“I met recently with one Cuban dissident who had been attacked by the regime for speaking out. She started out as a communist operative but she dared speak out against the regime. She was attacked by a machete, hacked within inches of her life. At this point, the verdict of history is clear: communism is a grossly immoral, oppressive evil. And we need the clarity to recognize that.
“This legacy has echoed throughout the Caribbean, throughout Central America, throughout South America, and across the Atlantic to Angola. Socialist strongmen still struggle to hold on to power. By the way, if socialism is such a utopia why do you always need a brute squad to oppress the people into accepting it?
“You know, Reagan powerfully used to say, ‘The thing liberals never seem to notice -- the Berlin Wall. The machine guns all point in one direction.’ As a Cuban American I’ve had a slightly different take on it. I’ve said that the things liberals never seem to notice is if you go down to Key West, the rafts are all going one direction. Just once I’d like to see Jane Fonda and other Hollywood liberals go strap together some empty oil barrels and float 90 miles south. Because their nirvana of socialized medicine and socialized misery for all is right there.
“People vote with their feet and they vote with their lives and that’s why communism is always, always, always accompanied by brutal totalitarian oppressors. Because it doesn’t work, and it is only at the barrel of a gun that people will tolerate it.
“As we’ve seen in North Korea, we don’t make progress by backing down, by apologizing for the truth. We stand up and we proclaim it. Weakness and appeasement never works. Indeed, appeasement is provocative. There is a reason as you travel the capitals of Europe you don’t see statues to Neville Chamberlain.
“Appeasement only encourages despots, tyrants, and dictators. We put sanctions on dictators and back up our words with action. We support a free press, private property, and the democratic process.
“We must learn the lesson about the brutality of tyrants. Having witnessed the Castro reign in Cuba and Maduro’s failing Venezuela, countries that went from enormous prosperity to unimaginable misery. The U.S. has seen the inevitable impact of communism: a fundamentally unfree society with a flailing economy governed by a repressive state. We can’t stand idly by while Nicaragua follows in the same footsteps as Cuba and Venezuela – crafting a legacy to institutionalize a dictatorship. And we especially should not be funding that communist oppression, the American taxpayer should not be footing that bill.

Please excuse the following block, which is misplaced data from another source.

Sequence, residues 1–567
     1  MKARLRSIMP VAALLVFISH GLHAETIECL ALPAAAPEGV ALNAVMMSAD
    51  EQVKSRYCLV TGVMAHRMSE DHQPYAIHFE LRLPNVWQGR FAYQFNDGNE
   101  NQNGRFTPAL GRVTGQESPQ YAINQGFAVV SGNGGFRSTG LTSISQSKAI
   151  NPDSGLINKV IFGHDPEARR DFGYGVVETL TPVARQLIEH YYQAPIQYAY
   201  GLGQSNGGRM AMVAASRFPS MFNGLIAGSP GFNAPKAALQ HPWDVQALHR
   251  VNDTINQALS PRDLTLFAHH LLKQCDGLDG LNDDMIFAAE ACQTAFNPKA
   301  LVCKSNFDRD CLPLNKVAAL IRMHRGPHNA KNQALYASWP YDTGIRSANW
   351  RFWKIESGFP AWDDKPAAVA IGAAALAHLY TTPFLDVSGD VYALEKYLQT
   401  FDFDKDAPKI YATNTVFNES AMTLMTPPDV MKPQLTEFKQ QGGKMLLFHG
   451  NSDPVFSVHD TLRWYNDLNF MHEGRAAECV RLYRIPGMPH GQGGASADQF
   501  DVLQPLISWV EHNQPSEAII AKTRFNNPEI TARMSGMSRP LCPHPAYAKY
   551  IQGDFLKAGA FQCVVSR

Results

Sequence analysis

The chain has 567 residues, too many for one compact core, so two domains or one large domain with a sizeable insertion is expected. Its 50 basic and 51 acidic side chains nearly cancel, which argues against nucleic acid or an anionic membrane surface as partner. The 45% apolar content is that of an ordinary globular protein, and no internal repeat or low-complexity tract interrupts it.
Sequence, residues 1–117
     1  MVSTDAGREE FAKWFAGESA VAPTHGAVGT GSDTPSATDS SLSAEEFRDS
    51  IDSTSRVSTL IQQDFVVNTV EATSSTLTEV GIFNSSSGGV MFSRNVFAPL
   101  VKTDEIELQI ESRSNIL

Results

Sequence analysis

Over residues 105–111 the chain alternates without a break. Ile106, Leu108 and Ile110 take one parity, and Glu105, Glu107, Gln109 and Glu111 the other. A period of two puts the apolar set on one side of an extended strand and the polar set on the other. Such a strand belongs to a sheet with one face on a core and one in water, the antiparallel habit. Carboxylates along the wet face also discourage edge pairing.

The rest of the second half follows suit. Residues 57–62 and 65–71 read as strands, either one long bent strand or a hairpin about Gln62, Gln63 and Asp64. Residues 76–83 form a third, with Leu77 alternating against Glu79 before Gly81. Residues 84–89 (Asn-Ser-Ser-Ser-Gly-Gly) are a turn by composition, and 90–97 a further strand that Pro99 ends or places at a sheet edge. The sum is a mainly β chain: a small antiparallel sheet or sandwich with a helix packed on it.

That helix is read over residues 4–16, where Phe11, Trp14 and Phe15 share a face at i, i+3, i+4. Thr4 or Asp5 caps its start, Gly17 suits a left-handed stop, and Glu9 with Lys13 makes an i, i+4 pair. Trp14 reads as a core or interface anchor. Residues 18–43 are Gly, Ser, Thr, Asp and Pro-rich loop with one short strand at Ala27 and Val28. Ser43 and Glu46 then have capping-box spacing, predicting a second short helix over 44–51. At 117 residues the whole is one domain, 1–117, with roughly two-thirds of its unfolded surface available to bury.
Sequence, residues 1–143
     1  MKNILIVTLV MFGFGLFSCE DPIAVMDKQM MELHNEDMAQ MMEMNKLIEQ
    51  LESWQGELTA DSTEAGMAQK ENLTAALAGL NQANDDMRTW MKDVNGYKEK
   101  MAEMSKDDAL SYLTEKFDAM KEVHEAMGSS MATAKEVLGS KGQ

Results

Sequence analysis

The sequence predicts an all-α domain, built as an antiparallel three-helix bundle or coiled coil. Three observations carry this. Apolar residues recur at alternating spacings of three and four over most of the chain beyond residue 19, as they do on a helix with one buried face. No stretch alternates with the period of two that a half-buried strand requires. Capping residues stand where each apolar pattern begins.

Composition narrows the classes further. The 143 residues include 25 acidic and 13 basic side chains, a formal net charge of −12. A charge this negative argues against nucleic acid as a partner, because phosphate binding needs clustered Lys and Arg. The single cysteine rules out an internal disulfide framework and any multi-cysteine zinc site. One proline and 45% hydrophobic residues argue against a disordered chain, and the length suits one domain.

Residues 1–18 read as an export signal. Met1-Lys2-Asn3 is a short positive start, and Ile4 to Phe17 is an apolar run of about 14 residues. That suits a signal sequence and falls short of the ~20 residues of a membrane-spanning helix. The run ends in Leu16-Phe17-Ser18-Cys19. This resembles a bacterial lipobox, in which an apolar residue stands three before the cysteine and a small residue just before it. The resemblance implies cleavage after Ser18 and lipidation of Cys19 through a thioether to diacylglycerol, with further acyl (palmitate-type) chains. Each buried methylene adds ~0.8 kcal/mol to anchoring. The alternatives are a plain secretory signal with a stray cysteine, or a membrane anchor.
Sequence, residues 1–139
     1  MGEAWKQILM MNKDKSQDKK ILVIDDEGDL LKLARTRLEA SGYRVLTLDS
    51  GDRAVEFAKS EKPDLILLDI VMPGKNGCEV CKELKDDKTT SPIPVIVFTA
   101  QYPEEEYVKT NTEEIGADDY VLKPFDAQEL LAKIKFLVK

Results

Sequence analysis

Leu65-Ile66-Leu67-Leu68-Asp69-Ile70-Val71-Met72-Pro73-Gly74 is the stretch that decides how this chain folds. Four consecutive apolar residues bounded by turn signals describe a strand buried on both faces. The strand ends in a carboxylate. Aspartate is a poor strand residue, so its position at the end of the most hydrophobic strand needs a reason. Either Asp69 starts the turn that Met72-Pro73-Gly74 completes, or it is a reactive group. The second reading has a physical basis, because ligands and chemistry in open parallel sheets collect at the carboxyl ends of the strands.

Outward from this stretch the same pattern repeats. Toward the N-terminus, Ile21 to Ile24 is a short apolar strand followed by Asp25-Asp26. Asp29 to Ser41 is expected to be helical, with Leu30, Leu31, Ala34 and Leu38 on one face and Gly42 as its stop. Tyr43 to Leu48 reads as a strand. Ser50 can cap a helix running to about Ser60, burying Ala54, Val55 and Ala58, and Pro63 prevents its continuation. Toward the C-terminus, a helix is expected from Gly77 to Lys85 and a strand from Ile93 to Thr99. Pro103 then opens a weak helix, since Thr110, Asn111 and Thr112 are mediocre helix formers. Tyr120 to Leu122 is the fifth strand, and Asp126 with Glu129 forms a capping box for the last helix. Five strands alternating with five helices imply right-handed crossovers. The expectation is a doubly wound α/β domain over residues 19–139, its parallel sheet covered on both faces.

“To the people of Nicaragua: There will be an expiration date for the Ortega regime. The American people stand with you in your fight for freedom and for the rule of law. You have put Ortega on his heels, and I am hopeful the day will come when Nicaragua will again have a government that truly represents them.”
“To half million protesters, who risked your lives. To the students, some students as young as my father was in Cuba, who stood up and risked your lives for freedom I say thank you. Thank you for your courage. And remember, truth has power. Truth is stronger than lies, light is stronger than darkness. And every oppressive regime seems unshakable until it crumbles and falls.
“I’ve met with a number of dissidents from countries throughout Latin America, and I often take them into my office at the United States Senate, and the prominent feature in my office is an enormous painting. It is a painting of Ronald Reagan standing before the Brandenburg Gate, the top of the painting written in German are the words ‘tear down this wall’ done in the style of graffiti on the Berlin Wall. Now the story that many know when that speech was being written, three times the State Department crossed out those words. And three times President Reagan wrote them back in in his own handwriting. The State Department argued, ‘Mr. President that’s provocative! Mr. President it is unrealistic, you cannot say something like that because it will never, never, never happen.’ We were only a few years past from Jimmy Carter telling us we had to accept malaise and that America could never keep up with the Soviet Union. And Reagan with a smile and a twinkle in his eyes said, ‘You don’t understand, this is the whole point of the speech.’
“Some years ago I sat down with Natan Sharansky in Jerusalem, the famed Soviet Union dissident. He told stories of how in the gulags prisoners would pass in the cells notes that read: ‘Did you hear what Reagan said? ‘Evil Empire.’ ‘Ash heap of history.’ ‘Tear down this wall.’ Those words pierced the darkest prison cells and within a few short years, that symbol of evil and oppression came crumbling to the ground.
“To the people of Nicaragua, tyranny will fall. Your bravery will play a critical role in making that happen and the American people stand with you.”